Non-existence as annihilation is neither the negation nor the dual of our singular, subjective existence.

The dual of being singular is being in common: being in community.

The negation of our singular being is the collective being, which subordinates our inherently incomplete singularity to the totalitarian monomania of an absolute subject.

In death, neither the being nor having-been of a subject is annihilated even though the continued presence of the dead is terminated. The non-existence of the subject entailed by mortality is only a determinate negation of the persistence of the subject in time. It is determinate in that something entirely new is created in the passing away: a distinct, aching absence. In the experience of losing companions it is absolutely clear that death is not an annihilation, because the weight and extraordinary, horrible novelty of their absence is utterly imposing and inescapable. Whatever else may or may not happen to the dead, for the living, their former presence is transmuted into a sui generis absence.

Instead of fulfilling itself in a work of death and in the immanence of a subject, community communicates itself through the repetition of the contagion of births: each birth exposes another singularity, a supplementary limit, and therefore another communication. This is not the opposite of death, for the death of this singular being who has just been born is also inscribed and communicated by its limit. It is already exposed to its death, and it exposes us to it as well. Which means, essentially, that this death as well as this birth are removed from us, are neither our work nor the work of the collectivity. (peter01, 60)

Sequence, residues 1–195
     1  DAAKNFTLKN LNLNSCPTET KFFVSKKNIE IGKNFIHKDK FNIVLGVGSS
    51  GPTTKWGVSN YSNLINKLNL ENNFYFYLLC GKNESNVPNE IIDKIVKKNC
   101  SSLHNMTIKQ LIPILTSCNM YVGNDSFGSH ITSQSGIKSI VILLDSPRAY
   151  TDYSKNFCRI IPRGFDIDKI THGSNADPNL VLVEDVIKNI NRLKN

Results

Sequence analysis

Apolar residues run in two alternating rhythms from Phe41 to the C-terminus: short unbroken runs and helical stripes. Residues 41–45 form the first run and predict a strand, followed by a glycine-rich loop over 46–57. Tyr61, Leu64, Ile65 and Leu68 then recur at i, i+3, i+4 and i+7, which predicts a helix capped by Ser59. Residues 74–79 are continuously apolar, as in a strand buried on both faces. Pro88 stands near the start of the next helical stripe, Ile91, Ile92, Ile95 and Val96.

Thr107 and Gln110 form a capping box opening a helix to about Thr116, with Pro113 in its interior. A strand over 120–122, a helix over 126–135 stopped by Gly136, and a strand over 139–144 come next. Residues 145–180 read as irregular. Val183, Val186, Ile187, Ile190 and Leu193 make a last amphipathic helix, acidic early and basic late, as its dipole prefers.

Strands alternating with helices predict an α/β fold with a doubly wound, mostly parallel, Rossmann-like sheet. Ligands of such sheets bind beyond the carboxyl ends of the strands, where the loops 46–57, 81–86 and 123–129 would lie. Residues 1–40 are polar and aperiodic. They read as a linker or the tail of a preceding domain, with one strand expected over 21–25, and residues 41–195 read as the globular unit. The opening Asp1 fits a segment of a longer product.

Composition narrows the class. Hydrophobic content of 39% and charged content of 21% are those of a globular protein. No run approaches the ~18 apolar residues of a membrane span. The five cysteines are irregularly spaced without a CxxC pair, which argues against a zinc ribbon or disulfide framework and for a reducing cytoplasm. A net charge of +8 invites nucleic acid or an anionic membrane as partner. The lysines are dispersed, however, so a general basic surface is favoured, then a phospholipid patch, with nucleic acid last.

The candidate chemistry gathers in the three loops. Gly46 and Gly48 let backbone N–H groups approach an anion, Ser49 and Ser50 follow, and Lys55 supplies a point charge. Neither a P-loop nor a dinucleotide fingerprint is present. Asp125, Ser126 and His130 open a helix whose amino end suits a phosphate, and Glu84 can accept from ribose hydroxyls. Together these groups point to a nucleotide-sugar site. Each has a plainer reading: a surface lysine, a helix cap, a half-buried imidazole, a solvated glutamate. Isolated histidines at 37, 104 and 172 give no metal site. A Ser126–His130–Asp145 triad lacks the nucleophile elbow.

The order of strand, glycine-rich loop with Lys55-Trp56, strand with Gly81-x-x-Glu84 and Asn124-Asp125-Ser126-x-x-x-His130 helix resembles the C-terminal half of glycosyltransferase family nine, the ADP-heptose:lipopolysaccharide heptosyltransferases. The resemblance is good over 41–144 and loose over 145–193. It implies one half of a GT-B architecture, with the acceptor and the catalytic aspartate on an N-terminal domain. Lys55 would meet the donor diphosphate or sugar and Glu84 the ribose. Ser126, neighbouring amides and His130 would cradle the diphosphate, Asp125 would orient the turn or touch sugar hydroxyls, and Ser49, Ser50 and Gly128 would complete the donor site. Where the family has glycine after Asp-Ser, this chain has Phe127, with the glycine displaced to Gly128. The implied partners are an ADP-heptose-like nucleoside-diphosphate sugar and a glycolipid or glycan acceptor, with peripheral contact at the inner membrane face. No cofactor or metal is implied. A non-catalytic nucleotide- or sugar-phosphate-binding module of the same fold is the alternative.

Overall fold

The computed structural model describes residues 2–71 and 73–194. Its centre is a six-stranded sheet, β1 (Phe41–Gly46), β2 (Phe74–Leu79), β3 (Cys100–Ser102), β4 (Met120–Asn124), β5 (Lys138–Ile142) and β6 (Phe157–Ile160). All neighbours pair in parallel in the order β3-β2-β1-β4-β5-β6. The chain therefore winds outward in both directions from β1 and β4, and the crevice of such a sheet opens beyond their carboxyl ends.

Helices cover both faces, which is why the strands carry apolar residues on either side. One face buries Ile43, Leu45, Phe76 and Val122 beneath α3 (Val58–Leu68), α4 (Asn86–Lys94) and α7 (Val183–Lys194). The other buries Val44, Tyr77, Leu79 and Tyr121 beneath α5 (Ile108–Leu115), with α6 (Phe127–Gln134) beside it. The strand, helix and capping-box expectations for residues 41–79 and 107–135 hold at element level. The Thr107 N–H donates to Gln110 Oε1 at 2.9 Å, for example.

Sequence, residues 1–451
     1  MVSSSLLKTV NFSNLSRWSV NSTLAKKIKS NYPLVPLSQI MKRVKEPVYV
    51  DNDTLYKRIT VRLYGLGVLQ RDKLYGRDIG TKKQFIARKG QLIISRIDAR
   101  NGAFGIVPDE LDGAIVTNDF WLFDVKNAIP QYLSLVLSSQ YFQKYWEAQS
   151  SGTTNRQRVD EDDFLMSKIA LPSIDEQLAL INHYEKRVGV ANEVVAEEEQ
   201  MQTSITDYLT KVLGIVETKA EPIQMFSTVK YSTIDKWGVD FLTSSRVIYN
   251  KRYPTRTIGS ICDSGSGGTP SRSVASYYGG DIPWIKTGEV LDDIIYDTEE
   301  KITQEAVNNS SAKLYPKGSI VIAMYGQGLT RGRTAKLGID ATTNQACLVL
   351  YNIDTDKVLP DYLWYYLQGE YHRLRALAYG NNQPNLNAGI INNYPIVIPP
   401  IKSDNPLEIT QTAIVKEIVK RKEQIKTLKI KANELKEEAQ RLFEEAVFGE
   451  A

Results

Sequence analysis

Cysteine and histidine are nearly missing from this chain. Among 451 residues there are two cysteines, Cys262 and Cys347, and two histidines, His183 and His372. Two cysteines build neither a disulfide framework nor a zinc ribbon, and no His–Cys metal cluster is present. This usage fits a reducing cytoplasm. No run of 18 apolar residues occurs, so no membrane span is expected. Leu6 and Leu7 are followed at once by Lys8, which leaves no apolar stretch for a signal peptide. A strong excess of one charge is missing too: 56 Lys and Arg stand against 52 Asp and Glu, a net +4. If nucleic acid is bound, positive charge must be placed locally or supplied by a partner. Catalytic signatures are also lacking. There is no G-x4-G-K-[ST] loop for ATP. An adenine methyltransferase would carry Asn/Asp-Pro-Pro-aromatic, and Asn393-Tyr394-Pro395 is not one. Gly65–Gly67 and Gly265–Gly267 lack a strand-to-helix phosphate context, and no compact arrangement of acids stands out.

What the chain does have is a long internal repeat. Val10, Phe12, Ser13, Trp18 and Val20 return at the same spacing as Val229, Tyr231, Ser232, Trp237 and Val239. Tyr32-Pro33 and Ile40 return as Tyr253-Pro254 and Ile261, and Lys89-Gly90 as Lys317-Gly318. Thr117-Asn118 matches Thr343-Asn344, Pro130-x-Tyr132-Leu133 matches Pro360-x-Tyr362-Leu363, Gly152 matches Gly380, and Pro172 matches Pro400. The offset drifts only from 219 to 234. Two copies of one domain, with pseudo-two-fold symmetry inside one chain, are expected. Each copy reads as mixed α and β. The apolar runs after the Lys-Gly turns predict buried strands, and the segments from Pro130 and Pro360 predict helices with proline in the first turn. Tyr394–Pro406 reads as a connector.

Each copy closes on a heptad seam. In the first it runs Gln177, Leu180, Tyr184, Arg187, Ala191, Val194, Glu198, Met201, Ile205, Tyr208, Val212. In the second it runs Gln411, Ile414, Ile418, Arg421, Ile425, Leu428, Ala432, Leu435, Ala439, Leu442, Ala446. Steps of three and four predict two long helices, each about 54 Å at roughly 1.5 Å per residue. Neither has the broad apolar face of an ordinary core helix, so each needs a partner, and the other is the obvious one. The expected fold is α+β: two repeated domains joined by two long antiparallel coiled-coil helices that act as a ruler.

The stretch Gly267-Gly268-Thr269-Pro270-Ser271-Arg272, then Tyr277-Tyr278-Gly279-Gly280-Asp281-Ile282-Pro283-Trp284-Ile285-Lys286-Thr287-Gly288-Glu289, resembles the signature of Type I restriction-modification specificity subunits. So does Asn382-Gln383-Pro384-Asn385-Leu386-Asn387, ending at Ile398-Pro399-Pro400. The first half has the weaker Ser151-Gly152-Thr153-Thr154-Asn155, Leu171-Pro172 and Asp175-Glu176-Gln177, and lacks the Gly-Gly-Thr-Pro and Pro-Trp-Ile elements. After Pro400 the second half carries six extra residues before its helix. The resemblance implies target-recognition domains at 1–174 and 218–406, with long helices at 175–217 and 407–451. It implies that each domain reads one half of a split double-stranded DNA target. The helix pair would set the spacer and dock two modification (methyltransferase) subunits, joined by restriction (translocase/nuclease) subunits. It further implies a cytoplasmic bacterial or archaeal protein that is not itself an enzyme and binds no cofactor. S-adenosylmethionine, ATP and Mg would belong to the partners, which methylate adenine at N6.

Nietzsche’s experiment of thought dubbed “eternal return” can be read as an analysis of Spinoza’s sub specie aeternitatis. It uses subjective imagination to bootstrap our myopic self-concern and infantile repetition compulsion into a glimpse of the eternality of existence qua structure.

In the Spinozistic view, mind and body are but two out of the infinite modes that express the absolute infinitude of substance. In this system, the being of a singular subject must also find expression in infinite other modes.